How Breast Density May Lead To Breast Cancer
Researchers from the Mayo clinic have discovered why breast density may increase a woman's risk of breast cancer, though they have known for some time that the risk exists. The scientists have discovered several possibilities about how breast tissue density may lead to breast cancer.
Studies presented at the Cancer Therapy & Research Center-American Association for Cancer Research (CTRC-AACR) San Antonio Breast Cancer Symposium shows that dense breast in women contain the types of cells that can more easily lead to breast cancer. Karthik Ghosh, M.D., a Mayo Clinic breast cancer researcher and physician who led one of two studies presented says, "We found a dramatic difference in tissue composition between dense and non-dense tissue in the breast."
In a second study, lead author Celine Vachon, Ph.D presented findings that the enzyme aromatase is more prevalent dense breast tissue. Aromatase may increase the risk of breast cancer by promoting estrogen, and important hormone long associated with breast cancer in women. Dr. Vachon says, "If aromatase is differentially expressed in dense and non-dense breast tissue, this could provide one mechanism by which density may increase breast cancer risk."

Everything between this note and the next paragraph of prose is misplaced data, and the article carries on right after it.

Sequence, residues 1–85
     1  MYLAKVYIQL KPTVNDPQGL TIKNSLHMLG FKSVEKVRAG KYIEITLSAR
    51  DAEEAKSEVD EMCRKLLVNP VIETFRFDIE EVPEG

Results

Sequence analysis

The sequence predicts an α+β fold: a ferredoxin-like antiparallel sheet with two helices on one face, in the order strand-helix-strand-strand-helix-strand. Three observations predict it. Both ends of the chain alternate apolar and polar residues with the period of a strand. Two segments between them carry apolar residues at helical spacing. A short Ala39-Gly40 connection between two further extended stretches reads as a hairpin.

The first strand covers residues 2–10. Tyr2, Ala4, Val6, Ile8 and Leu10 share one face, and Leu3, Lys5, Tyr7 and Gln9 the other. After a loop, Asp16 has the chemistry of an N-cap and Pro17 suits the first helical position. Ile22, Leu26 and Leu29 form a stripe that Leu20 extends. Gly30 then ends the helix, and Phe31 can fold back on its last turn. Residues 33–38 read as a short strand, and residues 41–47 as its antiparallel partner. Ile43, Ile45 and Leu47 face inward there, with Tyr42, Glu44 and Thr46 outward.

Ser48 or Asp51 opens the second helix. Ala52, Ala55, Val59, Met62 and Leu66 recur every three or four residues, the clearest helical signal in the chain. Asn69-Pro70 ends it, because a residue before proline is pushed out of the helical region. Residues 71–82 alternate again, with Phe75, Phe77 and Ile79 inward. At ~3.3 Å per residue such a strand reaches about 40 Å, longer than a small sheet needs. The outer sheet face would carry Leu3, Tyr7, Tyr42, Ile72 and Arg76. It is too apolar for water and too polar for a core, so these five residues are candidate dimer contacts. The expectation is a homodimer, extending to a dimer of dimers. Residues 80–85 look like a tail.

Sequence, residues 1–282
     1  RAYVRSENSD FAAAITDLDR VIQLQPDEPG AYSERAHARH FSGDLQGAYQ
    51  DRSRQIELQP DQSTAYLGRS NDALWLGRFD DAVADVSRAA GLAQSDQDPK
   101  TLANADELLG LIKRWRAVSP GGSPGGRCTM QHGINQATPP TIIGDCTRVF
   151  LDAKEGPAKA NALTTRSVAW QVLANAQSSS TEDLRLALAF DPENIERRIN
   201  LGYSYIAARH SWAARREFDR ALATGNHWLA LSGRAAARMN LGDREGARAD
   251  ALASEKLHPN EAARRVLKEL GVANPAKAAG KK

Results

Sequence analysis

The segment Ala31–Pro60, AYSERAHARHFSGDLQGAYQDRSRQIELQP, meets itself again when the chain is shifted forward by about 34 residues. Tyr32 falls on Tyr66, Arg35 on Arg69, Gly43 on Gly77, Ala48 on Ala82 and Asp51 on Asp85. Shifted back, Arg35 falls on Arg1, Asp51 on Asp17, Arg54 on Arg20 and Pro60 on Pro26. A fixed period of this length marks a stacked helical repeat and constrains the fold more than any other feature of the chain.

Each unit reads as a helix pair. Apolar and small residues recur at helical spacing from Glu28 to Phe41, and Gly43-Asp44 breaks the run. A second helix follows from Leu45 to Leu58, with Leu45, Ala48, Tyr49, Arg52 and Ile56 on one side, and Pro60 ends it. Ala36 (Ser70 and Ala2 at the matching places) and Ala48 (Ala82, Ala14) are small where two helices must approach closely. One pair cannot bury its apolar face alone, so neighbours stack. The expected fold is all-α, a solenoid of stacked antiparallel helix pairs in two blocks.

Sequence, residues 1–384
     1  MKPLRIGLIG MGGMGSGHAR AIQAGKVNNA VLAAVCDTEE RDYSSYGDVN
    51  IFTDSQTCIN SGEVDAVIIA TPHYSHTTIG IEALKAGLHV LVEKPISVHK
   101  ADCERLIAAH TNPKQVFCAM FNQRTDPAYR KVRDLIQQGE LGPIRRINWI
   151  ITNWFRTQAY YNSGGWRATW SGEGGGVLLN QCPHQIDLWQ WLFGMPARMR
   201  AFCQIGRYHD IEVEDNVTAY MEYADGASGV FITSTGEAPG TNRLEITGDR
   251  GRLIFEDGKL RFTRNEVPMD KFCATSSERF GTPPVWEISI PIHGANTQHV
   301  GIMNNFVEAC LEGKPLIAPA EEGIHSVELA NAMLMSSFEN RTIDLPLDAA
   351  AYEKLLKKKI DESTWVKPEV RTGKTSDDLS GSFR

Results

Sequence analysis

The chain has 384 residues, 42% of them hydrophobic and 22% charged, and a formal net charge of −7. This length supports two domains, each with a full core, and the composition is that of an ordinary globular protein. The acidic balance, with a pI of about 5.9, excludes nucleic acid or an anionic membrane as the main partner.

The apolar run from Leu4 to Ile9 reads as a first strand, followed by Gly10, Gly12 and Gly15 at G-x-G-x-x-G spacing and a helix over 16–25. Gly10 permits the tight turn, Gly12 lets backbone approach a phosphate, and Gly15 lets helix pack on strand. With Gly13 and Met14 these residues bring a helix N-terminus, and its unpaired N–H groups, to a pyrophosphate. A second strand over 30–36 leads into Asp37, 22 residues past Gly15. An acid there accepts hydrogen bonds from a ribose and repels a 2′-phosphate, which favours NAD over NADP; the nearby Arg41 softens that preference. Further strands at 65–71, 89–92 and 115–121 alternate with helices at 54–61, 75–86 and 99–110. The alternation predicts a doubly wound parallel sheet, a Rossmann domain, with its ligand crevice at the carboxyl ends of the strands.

The study examined sixty women, age 40 to 85, none of whom had a history of breast cancer. The researchers obtained eight needle biopsies of the women's breasts, analyzing fat, milk glands, ductal cells, and connective breast tissue from the biopsies. Over half of tissue analyzed thus far showed that dense breast tissue contains much less fat that less dense breasts – 80% and 30% respectively. Dr. Ghosh suspects the increased connective tissue associated with breast density is the cause of increased cancer risk. Connective tissue contains more aromatase. According to Dr. Vachon, "If aromatase is differentially expressed in dense and non-dense breast tissue, this could provide one mechanism by which density may increase breast cancer risk." One more possible connection to breast cancer involved the number of milk ducts in breast tissue.
Decreased size and number of milk ducts has previously been associated with reduced risk of breast cancer. Dr. Vachon also found that women with dense breasts had larger milk ducts than those found in the biopsies of women with non-dense breast tissue.
The research is the first attempt by scientists to figure out why breast density increases cancer risk. "No one knows why density increases breast cancer risk, but we are attempting to connect the dots," Dr. Vachon says.
Further study results are pending. Not all of the women's breast tissue has been analyzed. The researchers plan to enroll more volunteers in hopes of discovering exactly why women with dense breasts are at increased risk of breast cancer.